Words I Hate: “Offense”

In this installment of “Words I Hate,” I want to talk about the word “offense.”  It seems like a particularly timely moment to talk about this word, given the ways in which politicians on the right have consistently attempted to reframe systemic issues (racism, for example) as just another example of people getting too easily offended for their own good.  Claiming that students on college campuses get offended by name-calling or other acts of violence (either verbal or physical) allows us to dismiss their concerns as largely trivial.

As with “just,” “offense” (and its cousin, “offended”), allows us to assume that complex institutions and issues can be boiled down to the action of an individual and, perhaps more importantly, that it is actually the victim’s fault for being so touchy.  “Offense” allows us collectively to believe that there aren’t really any problems that can’t be solved if people just toughen up and learn to fight for themselves rather than relying on some other force (the government, university administration, etc.) to solve their problems for them.  If only people would learn to be a little tougher, to grow a thicker skin, then they would more able be able to deal with the problems they face (one say this line of argument trumpeted in recent issues of The Atlantic).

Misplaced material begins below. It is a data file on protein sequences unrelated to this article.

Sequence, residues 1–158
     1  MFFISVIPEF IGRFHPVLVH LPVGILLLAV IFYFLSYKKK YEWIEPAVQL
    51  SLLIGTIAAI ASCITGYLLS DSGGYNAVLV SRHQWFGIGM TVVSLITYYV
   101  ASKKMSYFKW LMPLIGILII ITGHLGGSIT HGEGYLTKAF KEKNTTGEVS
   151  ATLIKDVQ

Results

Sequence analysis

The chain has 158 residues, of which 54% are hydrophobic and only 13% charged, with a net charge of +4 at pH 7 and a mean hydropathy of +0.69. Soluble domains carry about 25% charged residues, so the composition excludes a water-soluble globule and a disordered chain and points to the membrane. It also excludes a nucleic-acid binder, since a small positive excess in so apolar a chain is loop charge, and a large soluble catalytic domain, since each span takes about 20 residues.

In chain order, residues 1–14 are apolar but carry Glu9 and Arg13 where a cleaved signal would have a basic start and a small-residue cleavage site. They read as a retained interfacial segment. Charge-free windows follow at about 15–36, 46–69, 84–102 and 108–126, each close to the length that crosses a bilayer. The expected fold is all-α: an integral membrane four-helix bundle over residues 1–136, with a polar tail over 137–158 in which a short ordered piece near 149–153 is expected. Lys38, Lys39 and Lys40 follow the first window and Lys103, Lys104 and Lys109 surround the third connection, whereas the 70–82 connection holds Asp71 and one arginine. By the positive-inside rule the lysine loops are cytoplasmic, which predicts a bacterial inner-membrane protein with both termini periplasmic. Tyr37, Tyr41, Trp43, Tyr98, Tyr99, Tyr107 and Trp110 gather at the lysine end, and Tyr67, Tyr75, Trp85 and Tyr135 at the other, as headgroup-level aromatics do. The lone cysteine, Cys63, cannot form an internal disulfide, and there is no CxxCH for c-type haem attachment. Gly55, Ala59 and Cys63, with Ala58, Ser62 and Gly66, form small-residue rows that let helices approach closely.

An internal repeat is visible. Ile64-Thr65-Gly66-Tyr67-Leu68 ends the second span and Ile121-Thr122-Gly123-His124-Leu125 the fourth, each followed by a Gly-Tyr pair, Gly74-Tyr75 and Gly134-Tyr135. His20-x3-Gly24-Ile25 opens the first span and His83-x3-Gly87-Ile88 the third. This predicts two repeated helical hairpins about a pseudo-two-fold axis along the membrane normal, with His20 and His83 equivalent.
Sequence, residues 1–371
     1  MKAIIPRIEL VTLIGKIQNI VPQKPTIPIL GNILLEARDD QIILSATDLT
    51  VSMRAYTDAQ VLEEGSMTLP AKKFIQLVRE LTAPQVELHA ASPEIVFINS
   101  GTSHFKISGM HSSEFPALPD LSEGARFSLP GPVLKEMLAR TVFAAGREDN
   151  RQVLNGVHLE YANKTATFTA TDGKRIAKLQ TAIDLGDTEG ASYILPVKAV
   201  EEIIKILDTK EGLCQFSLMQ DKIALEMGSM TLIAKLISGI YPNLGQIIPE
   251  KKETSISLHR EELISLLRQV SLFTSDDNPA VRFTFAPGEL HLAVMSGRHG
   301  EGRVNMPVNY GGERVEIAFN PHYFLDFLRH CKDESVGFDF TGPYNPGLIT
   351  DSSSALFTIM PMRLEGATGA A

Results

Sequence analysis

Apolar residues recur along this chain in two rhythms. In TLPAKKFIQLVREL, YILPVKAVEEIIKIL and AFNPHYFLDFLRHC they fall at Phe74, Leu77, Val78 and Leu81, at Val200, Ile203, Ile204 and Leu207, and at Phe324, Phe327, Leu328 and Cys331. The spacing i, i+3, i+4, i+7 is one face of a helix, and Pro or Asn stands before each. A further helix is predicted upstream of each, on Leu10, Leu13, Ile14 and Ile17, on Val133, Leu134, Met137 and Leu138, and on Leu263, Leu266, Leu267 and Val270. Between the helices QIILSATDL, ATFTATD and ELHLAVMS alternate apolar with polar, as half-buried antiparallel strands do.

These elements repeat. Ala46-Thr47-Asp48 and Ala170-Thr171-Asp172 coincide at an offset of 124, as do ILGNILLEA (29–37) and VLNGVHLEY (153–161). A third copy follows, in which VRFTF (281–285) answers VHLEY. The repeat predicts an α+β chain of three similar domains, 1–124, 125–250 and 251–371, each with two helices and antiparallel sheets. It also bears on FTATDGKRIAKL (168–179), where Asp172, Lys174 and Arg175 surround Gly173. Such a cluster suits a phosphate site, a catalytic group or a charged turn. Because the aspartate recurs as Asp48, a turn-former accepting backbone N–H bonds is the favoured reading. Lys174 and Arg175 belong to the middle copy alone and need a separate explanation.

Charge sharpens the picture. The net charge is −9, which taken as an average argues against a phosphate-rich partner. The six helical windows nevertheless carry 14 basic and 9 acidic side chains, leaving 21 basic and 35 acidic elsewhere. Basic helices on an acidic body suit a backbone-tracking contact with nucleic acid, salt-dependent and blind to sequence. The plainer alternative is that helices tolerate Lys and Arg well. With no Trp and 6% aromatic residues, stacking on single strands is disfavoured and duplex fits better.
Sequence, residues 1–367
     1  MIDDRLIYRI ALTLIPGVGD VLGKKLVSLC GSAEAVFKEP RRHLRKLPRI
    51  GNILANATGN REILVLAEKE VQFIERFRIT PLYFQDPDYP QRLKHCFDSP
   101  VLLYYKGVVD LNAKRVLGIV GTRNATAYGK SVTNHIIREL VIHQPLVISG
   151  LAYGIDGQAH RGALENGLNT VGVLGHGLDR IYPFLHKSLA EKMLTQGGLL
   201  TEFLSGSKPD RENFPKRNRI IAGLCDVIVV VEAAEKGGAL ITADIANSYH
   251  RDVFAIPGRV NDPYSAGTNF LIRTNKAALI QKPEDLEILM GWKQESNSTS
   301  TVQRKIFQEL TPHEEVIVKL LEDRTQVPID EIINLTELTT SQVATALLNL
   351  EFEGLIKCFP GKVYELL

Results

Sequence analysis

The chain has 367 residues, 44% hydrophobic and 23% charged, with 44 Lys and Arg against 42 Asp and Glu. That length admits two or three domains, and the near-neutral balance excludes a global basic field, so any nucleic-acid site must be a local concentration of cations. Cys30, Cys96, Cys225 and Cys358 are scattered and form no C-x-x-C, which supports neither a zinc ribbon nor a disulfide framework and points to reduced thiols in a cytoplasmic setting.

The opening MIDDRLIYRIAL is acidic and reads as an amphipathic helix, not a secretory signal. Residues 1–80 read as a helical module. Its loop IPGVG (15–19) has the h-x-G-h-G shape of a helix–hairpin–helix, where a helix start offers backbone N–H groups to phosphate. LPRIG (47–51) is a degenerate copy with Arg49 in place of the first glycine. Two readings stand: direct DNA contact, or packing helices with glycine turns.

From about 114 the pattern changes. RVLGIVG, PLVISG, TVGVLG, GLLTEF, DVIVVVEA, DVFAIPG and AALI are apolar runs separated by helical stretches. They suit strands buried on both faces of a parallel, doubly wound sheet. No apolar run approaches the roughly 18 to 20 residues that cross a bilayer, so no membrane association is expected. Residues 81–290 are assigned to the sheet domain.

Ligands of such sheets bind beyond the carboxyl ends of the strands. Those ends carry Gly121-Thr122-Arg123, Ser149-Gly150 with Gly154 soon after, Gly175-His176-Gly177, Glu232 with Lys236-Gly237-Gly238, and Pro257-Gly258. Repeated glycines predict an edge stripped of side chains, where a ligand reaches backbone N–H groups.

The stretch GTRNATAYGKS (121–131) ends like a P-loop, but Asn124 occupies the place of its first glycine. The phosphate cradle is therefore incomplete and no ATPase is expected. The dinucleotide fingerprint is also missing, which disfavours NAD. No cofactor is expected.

“Offense” is clearly one of the core concepts behind (entirely misnamed) “political correctness.”  It has become an insidious defense mechanism on the part of those who already occupy positions of power, and it has proven to be insidiously effective.  No longer are questions of inequality along lines of race, gender, class, or sexuality about deeply entrenched lines of power, agency, and economic and social benefit.  Instead, the reason those who occupy positions of privilege can’t do and say what they want with impunity is due to the ever-present threat of offending someone and setting off a protest that they will then have to deal with.

I would also like to point out that the use of the word “offense” is not limited to those who occupy positions of power.  It is sometimes used in some social justice circles and, while this is understandable, it also runs the risk of buying into the same sinister logic that those on the right consistently use to delegitmize social struggles of all kinds.  It behooves us as social and political activists to be as conscious our language as those we oppose.

Again, I’m not suggesting that we should constantly have to monitor or censor ourselves.  However, part of being a thoughtful, engaged citizen is being able to choose which words actually convey the meaning that we wish to express.  As the late theorist Roland Barthes reminded us, all words contain within them connotations that shade and influence not only how we choose which words we use, but also how those words are understood by others.  If we truly want to make it a better and more just world for everyone, we should think more carefully and critically about how we express ourselves in the public (and, hopefully, the private) sphere.